“I think the government knows better; they know what to do better because when it rains the whole place will get flooded and our houses will even get flooded and we don’t know what to do about it, which is why I think the government knows better.”

Niger clears waterways, drainage

Governor Abubakar Sani Bello of Niger State    has directed the relevant agencies to clear all waterways and drainage of refuse.

He blamed flooding on indiscriminate  dumping refuse in  drainages.

The governor,speaking at a stakeholders meeting in Minna, said a massive sensitisation was  on to discourage residents  from dumping waste  in drainages.

He said: “Flood in most parts of Niger State is being caused by dumping of refuse and building on waterways. We have set out to mobilise and ensure that the people stop dumping refuse in the drainage channels.

“These drainage channels were built and cost a lot of money. If we invest a lot of money in drainage  and we turn them into dumping bins, then we should expect the flood that we get. We have to discourage the people from dumping wastes in drainages.”

Kwara too

A similar clearing of drainage channels is in progress in Kwara State, particularly  Ilorin,the state capital, to avert disaster.

The Permanent Secretary for  Environment, Amosa Al-Amin said: “Kwara State falls within this axis and this administration felt compelled to officially alert the people to this development and to appeal to Kwarans to cooperate with the state government on the various measures to mitigate the effects of what is often a combination of natural phenomenon, human activities and failure to heed warnings.

“Government hereby appeals to communities located in and near flood plains and other vulnerable areas are to relocate to safer locations.

“Identified communities in Edu local government areas such as Iyeluwa,Belle Gbako, Liptata, Edogi, Chewuru are specifically advised to relocate to safer places for a while.

“Communities in Jebba and Bacita are also urged to take this very seriously for safety reasons. Farming along riverine areas should be discouraged for now.

“Resettlement centres located at Godiwaji in Patigi constructed by the Federal Government could be a safer place during this period.

“Residents of communities in Kwara Central like Isale Koko, Dumon, and

Abata Sunkere, among others, are advised to heed this warning.

“Government urges residents of the state to avoid dumping of wastes into river channels or drainage to allow for easy flow of water,while illegal structures along water ways should be demolished.”

Kogi residents on red alert

Many parts of Kogi State, including  Lokoja/Kogi, Ibaji, Igalamela-Odolu, Idah, Ijumu and Dekina, are flooded already and further flooding is expected.

The Executive Secretary of the State Emergency Management Agency (KOSEMA), Julius Mejiyan, told The Nation that the authorities have already alerted  all those living around flood prone areas to evacuate.

His words: “The prediction was that there might be flood.The Nigerian Metrological Agency (NIMET) brought their seasonal rain prediction that we were going to have light rain at the beginning, then, maybe heavy rain towards the end, and it’s not likely to flood, but they’re not ruling out flood.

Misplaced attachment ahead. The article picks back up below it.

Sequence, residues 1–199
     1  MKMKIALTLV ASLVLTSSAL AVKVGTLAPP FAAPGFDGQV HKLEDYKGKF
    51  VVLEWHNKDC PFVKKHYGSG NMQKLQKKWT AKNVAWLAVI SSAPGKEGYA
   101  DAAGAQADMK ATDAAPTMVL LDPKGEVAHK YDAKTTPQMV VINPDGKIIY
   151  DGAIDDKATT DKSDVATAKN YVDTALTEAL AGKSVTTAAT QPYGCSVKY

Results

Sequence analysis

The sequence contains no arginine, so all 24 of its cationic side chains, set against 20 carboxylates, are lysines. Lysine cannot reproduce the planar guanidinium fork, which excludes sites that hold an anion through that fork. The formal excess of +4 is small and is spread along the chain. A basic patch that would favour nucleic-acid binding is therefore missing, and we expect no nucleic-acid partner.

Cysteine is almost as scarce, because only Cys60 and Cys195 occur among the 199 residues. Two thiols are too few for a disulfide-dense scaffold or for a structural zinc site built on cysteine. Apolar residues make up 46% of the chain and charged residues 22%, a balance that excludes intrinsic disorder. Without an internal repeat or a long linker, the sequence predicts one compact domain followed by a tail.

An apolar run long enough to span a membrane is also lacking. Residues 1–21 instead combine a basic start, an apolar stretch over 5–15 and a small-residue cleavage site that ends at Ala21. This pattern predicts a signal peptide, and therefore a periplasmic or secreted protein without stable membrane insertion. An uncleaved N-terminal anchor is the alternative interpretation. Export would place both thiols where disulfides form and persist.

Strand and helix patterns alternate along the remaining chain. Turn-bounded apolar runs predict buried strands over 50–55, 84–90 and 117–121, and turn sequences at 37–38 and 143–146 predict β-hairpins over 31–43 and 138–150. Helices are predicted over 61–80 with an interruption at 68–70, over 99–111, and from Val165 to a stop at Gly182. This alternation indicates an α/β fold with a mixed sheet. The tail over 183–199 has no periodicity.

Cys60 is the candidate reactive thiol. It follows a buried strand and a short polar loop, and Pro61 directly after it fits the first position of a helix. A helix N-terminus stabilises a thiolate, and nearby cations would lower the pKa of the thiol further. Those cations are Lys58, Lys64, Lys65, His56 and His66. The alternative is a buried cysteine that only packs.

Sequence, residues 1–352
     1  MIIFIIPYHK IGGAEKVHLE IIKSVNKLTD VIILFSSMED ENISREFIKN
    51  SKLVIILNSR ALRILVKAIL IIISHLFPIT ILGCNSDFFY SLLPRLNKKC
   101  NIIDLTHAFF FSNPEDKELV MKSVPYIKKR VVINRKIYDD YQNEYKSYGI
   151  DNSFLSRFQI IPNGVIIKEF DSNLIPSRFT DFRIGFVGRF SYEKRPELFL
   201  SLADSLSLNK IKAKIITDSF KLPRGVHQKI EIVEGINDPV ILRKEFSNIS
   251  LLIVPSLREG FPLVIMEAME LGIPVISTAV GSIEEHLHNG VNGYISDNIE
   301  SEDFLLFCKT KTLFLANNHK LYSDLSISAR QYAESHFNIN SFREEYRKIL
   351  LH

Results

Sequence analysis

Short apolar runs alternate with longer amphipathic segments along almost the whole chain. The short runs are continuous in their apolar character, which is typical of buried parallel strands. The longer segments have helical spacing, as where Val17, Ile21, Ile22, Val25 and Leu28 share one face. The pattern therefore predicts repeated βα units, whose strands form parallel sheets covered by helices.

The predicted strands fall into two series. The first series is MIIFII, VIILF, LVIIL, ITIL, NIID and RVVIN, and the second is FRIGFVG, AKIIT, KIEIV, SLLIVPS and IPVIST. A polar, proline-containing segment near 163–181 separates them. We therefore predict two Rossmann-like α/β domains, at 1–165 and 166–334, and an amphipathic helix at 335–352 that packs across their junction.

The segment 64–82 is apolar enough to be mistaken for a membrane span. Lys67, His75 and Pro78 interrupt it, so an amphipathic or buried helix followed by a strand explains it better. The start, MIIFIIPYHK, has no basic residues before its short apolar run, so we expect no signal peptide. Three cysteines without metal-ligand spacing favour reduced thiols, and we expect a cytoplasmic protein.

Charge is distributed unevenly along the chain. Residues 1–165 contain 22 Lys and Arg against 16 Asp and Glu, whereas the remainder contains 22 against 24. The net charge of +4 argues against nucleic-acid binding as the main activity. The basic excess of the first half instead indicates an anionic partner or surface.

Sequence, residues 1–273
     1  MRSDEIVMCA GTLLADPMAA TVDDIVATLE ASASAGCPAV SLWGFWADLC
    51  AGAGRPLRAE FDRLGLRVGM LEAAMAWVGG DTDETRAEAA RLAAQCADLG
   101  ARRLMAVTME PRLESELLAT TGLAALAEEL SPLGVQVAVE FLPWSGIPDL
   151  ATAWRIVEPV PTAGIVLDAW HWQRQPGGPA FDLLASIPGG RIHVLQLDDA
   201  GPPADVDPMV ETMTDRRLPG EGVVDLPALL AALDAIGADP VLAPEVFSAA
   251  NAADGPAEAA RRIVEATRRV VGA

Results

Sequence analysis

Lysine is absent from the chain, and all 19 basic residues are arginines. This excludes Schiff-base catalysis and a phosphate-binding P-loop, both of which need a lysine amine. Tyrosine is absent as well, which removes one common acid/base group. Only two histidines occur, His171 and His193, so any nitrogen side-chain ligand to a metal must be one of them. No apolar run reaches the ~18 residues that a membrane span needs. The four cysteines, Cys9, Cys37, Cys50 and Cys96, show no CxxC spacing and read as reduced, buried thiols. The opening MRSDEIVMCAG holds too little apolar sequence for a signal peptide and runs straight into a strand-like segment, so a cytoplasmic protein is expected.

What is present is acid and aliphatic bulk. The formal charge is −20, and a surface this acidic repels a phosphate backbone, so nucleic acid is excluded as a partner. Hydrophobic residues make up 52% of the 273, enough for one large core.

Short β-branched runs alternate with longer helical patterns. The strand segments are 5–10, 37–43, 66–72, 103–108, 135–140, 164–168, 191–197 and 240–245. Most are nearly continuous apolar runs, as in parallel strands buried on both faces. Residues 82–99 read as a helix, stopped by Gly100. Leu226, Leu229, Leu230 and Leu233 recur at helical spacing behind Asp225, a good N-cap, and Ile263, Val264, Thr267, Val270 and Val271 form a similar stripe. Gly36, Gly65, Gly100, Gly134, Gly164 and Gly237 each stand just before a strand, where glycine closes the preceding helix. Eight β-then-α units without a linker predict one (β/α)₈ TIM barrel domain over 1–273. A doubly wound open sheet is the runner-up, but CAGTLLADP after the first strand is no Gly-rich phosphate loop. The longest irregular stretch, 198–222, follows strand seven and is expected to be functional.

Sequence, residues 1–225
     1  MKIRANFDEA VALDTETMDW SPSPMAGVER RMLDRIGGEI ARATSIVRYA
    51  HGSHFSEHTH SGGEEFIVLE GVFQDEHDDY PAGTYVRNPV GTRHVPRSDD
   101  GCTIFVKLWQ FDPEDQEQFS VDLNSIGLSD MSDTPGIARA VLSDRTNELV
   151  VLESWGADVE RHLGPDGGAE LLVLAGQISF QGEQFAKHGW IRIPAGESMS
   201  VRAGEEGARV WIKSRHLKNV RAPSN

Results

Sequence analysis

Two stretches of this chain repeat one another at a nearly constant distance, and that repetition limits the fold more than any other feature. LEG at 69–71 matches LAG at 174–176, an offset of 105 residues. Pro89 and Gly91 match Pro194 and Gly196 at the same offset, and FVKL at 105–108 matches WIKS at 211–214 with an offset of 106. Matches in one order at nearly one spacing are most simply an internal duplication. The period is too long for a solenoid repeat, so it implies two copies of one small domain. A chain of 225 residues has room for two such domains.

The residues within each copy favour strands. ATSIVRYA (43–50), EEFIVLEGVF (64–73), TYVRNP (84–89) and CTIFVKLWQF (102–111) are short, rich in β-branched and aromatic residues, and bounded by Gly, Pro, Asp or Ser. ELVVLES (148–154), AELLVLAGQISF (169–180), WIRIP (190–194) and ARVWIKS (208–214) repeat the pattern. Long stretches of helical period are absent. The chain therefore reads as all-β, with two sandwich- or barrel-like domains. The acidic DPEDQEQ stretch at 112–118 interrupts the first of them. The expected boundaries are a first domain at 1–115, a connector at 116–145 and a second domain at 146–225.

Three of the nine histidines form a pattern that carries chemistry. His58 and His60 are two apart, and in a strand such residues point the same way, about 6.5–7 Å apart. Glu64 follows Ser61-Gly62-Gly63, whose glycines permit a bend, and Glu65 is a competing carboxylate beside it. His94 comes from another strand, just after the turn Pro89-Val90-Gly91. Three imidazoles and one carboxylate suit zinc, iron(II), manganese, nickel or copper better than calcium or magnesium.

“ Flooding may come due to excessive rain from the Sahel zone, but within us, at least Kogi axis, the rain might not be much, but unfortunately, we started having even flash flood before the end of the raining season, and now, we are expecting flood. The water level is above 10metres now and is already Red Alert.

“KOSEMA (Kogi State Emergency Management Agency) is already preparing all the camps. We have gone round to see some of those areas, especially the river plains, where they normally have flooding.

“There are about nine LGs. The KOSEMA people are there liaising with the local organising committee and seeing what they have in place. At that moment, we now mobilise our people; profile them and relocate them to camps, and then, we now invite NEMA, if it is getting out of hands. But, as it is now, it is still within the range of what the state government can take care of, and we are doing the best.

“We cannot permanently put affected persons in any secured area. IDP camps are supposed to be temporary. So, as soon as the flood is over, everybody will want to go back to their former abodes, especially where flooding has receded and there is no much damage.

“If we discover that there is much damage, that stage we call recovery stage. At that stage, we take care of whoever is homeless, and before we get to that stage, immediate response, quick action; profile them, relocate them, put them in a camp and give them the necessary initial support.”

Ahead of the impending flooding, stakeholders in emergency management have called on the  state government to begin preparation towards mitigating victims’ suffering, should the disaster hit the state.

The stakeholders, in a communique issued in Lokoja, urged the state government to immediately begin the renovation and cleaning of all Internally Displaced Persons (IDPs) camps in the state, in readiness for the impending flood, most particularly in all the affected local governments.

In their communiqué, they said that schools should be provided as camps, where necessary, with health facilities and welfare packages provided for all the camps.

It’s wait and watch in Delta

Many residents of Otu-Ogu community, Oshimili South Local Government Area of Delta  State,  say they are seeking God’s intervention to stop the rapidly rising River Niger from causing  havoc.

And they have no immediate plan to relocate.  Many said they heard the warning from government to relocate to higher grounds  on radio, but are prepared to wait until the last minute before moving.

Octogenarian farmer, Pa Edward Ogu, said: “I have heard about the impending rise of water on the River Niger, but what can I do without money? My family will not relocate yet. But if the water rises too high, we will move in  with our relations.”

Another resident, Nnamdi Nwachukwu, said: “I have heard on the radio that the river will overflow its banks, but we are continually praying that God  should intervene and stop the water from entering our homes. We are praying that it does not exceed this level.”